Report on Fuego (Guatemala) — 5 November-11 November 2003
Smithsonian / US Geological Survey Weekly Volcanic Activity Report,
5 November-11 November 2003
Managing Editor: Gari Mayberry
Please cite this report as:
Global Volcanism Program, 2003. Report on Fuego (Guatemala). In: Mayberry, G (ed.), Weekly Volcanic Activity Report, 5 November-11 November 2003. Smithsonian Institution and US Geological Survey.
14.473°N, 90.88°W; summit elev. 3763 m
All times are local (unless otherwise noted)
On the night of 4 November observers saw crater glow and incandescent avalanches. Some incandescent avalanches descended into local valleys. Earlier that day moderate exposions prevailed, throwing material 150 m above the crater's rim. The explosions generated shock waves audible at distance.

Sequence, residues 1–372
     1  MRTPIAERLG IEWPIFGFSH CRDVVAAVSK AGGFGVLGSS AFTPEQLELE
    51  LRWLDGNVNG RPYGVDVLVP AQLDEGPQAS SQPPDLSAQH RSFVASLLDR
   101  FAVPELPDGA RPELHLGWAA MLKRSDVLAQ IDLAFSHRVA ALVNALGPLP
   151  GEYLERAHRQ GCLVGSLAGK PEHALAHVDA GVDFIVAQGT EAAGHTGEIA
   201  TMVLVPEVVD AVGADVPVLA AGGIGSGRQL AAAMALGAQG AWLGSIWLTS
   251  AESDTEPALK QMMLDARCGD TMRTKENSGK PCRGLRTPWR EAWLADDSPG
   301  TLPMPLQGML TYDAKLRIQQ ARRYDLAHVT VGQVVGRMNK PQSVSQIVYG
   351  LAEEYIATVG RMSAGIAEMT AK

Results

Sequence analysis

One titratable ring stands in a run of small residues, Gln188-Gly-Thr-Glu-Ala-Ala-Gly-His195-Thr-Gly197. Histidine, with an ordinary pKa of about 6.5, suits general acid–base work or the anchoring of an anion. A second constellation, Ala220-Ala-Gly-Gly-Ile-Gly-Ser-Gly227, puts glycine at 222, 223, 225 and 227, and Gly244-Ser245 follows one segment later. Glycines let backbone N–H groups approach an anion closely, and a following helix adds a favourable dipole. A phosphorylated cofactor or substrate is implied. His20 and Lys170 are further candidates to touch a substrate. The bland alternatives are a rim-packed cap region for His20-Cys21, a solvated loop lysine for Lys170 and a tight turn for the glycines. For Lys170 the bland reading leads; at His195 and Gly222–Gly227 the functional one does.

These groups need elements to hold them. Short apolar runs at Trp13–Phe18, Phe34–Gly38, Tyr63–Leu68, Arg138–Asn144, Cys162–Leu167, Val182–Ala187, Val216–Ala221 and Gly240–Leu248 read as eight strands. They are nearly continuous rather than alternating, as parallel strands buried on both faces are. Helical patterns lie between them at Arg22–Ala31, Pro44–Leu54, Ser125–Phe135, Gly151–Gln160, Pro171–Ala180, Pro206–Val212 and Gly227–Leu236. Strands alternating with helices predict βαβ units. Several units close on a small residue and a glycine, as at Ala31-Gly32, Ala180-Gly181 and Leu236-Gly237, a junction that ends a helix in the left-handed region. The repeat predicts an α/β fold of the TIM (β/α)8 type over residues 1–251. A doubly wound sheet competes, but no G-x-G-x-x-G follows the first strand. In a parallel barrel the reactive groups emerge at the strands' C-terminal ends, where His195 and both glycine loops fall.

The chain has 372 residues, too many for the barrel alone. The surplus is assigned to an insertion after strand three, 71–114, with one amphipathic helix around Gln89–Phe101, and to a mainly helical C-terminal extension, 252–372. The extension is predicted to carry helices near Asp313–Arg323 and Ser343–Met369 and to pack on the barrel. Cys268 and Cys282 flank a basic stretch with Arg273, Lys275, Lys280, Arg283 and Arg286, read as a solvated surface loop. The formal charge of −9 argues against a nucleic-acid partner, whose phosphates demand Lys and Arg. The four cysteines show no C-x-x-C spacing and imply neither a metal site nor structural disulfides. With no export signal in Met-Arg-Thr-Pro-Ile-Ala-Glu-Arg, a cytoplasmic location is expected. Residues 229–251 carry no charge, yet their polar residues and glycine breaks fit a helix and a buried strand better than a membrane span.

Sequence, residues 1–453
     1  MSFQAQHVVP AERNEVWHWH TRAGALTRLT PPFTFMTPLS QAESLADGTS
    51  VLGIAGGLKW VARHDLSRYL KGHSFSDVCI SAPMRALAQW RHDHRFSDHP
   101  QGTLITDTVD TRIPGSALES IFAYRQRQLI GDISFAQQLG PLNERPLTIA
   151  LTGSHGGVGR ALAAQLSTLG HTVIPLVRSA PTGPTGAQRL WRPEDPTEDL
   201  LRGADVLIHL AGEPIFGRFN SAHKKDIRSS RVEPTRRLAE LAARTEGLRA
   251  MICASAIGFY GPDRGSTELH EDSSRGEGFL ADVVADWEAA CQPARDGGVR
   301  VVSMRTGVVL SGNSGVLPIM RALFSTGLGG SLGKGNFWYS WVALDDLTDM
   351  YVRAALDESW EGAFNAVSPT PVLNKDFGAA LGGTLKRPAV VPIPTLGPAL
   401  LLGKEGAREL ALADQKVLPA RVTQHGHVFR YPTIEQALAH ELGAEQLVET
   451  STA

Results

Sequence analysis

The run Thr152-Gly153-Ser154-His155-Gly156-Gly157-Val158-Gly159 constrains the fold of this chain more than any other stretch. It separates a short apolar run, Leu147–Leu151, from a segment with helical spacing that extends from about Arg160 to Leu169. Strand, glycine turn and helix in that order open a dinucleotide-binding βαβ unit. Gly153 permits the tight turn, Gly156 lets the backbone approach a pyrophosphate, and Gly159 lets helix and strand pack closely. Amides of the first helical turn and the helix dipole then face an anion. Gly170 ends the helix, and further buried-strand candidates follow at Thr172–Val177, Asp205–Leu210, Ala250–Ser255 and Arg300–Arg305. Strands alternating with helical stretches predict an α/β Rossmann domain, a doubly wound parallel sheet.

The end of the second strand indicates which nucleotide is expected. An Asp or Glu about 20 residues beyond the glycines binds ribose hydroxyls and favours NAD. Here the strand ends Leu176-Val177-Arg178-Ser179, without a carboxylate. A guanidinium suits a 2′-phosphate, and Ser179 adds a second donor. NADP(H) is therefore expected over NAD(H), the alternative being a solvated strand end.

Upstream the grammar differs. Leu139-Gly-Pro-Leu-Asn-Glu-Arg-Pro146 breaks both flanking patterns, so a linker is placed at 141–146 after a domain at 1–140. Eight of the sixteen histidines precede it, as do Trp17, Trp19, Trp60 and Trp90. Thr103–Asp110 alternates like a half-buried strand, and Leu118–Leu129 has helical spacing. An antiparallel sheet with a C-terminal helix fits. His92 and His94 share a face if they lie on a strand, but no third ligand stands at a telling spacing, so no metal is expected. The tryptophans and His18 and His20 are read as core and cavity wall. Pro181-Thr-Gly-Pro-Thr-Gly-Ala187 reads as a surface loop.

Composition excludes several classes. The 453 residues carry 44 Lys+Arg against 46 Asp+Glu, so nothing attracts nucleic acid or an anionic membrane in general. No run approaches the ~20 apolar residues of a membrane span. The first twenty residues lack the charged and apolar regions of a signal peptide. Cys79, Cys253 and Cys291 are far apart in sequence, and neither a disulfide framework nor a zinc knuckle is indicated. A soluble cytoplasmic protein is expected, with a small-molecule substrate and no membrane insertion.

Geological Summary. Volcán Fuego, one of Central America's most active volcanoes, is also one of three large stratovolcanoes overlooking Guatemala's former capital, Antigua. The scarp of an older edifice, Meseta, lies between Fuego and Acatenango to the north. Construction of Meseta dates back to about 230,000 years and continued until the late Pleistocene or early Holocene. Collapse of Meseta may have produced the massive Escuintla debris-avalanche deposit, which extends about 50 km onto the Pacific coastal plain. Growth of the modern Fuego volcano followed, continuing the southward migration of volcanism that began at the mostly andesitic Acatenango. Eruptions at Fuego have become more mafic with time, and most historical activity has produced basaltic rocks. Frequent vigorous historical eruptions have been recorded since the onset of the Spanish era in 1524, and have produced major ashfalls, along with occasional pyroclastic flows and lava flows.